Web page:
Marketing for Language Schools: Experiences, conclusions and recommendations

Written by on 06/12/2016 in Blog

ONLINE MARKETING on price labels

Discussing with my clients about marketing approaches they are using in their Language Schools, there was one message that came up regularly:

The traditional forms of acquiring students – direct mail, billboards, paid advertising, prints ads – are no longer working. These methods are not measurable, very expensive, and the ROI is minimal – if not negative.

The reality is that prospective students begin their search for Language Schools at Google, and if you don’t show up on the first page, you might as well not exist.

Your potential students are also doing much more of their research before they even reach out to your school, pushing inquiries down to the bottom of your marketing funnel. If your school isn’t providing educational content about your classes, references from other students, and ways to communicate and engage with your office before they’re ready to apply, another competitive school in your area that is will most likely acquire that student.

But don’t worry. There’s hope for you and here is what could help you:

Inbound Marketing

Using inbound marketing at your school is about creating content that is going to be found by your target students on Google and in social media. This content lives on your school’s blog and website, and is targeted at solving the problems and answering the questions your target students are searching for online.

For example, if you’re a Language School, you should be building up your content around the keyword phrases. Many schools are writing content that is brand focused, constantly talking about information that is only relevant to those that already know about the school. Those that don’t know about your school, but are looking for prospective private schools in their area, are searching for more general terms.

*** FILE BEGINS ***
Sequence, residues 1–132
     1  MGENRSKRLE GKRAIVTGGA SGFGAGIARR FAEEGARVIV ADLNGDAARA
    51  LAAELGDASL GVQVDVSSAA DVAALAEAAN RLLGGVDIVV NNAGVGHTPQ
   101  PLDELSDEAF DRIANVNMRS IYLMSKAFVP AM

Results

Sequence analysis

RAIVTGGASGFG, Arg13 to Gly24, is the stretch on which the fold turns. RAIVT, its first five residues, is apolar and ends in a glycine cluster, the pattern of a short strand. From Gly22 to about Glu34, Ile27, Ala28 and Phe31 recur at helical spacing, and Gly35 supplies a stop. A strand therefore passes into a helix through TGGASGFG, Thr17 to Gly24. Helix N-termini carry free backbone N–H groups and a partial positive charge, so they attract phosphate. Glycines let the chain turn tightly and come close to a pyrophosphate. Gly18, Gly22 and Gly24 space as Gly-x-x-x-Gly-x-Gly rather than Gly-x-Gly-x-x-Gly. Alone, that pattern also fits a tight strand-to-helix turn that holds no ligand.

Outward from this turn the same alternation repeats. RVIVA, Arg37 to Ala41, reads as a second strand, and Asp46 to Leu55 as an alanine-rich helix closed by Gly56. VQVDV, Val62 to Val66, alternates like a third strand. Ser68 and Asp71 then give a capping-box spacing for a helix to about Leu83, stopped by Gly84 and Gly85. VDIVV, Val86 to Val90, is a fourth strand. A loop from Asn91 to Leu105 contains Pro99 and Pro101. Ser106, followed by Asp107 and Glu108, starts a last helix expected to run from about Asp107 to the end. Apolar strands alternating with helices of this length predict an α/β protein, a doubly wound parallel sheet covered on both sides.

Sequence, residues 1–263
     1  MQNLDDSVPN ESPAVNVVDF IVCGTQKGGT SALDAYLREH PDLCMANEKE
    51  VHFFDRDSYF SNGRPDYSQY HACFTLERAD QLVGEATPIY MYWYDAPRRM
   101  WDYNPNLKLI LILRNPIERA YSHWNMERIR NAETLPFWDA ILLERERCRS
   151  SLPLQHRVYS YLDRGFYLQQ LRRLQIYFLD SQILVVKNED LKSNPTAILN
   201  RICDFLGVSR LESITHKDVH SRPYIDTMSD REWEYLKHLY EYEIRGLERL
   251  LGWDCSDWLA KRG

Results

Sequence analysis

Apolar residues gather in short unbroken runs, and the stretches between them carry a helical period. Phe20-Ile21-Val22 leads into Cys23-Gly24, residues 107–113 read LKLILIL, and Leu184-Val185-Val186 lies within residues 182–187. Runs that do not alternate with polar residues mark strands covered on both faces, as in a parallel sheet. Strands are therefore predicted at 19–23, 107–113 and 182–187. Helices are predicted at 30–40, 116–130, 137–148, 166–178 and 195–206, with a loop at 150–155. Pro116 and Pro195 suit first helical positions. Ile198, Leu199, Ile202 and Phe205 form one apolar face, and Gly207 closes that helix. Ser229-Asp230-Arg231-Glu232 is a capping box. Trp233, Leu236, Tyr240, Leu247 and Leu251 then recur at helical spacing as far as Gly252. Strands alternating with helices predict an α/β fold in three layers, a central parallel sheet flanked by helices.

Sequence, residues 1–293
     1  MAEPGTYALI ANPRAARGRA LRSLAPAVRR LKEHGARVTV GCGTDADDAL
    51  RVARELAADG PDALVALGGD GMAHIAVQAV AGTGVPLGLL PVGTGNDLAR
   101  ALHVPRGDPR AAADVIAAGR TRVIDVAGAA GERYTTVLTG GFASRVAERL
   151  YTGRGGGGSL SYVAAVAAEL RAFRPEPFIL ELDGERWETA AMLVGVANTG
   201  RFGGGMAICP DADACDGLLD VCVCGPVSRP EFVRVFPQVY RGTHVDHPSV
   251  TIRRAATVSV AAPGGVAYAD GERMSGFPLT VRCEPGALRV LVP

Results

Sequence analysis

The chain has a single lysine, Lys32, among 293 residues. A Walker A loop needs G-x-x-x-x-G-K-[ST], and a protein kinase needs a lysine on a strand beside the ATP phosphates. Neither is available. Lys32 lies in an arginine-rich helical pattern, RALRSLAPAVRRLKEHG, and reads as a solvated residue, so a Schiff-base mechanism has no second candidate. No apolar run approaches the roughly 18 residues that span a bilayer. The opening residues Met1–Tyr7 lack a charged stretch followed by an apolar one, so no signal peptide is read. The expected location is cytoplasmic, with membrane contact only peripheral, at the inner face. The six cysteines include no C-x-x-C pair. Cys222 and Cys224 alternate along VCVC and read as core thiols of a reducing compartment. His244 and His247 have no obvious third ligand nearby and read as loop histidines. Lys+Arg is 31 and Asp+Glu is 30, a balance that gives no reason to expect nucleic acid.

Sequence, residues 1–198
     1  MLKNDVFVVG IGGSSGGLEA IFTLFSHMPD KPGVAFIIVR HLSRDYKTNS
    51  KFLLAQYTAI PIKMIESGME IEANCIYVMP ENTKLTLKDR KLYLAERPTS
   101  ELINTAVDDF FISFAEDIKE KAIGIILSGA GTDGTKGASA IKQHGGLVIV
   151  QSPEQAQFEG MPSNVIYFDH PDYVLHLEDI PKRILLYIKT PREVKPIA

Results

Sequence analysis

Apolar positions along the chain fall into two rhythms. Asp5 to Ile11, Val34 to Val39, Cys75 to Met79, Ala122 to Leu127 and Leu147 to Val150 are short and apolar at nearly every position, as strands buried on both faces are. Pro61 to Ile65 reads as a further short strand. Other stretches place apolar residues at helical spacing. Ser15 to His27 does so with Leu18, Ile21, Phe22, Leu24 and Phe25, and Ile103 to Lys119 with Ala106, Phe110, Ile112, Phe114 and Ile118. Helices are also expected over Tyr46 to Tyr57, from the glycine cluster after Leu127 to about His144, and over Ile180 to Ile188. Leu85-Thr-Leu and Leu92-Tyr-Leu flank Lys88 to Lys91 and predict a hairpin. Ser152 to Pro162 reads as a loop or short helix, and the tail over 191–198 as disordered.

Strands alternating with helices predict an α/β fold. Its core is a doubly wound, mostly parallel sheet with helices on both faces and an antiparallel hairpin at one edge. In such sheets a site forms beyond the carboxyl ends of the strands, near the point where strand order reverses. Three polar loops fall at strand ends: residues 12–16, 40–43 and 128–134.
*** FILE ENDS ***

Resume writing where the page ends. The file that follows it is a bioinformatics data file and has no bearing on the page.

As a starting-point you should develop a content strategy by establishing different profiles for your target groups. Next step is to come up with targeted keywords to create content around. My advice for content: Make sure you are active with your student community online, answering questions and providing useful information they need before they apply.

If things are up and running you may think about taking advantage of Google ads and Facebook ads.

Social Media Strategy

Social media really supports your content strategy and provides you with channels to promote it. It’s also serves as a retention tool, so you can easily engage students.

If you have some experiences with social media, you know that the key challenge is to manage social media effectively. My advice is to schedule time to check social media and only check it at that time, because you can spend all day on all the different channels, e.g. in the morning schedule your posts for the day and respond to any messages, tweets, or comments you may have, then check it during lunch, and then right before you leave the office.

My advice for social media is to treat every channel separately and differently. Not all content will work on all channels in the same format and length. But you have to understand which channels will work best for your school and manage what you can. Don’t try to be on every single channel; you won’t have enough time in your day and you’ll end up managing all the channels only somewhat effectively.


If you’re already getting started with inbound or would like to start soon, get ready to start measuring everything you do. This includes what you’re currently doing (like direct mail or other more traditional marketing tactics). It’ll make it far easier to make the case for inbound investment with comparative metrics.

Last but not least: follow a lean business model. Cut the marketing tactics that don’t have a positive return on investment, and invest small and iterate on what works.

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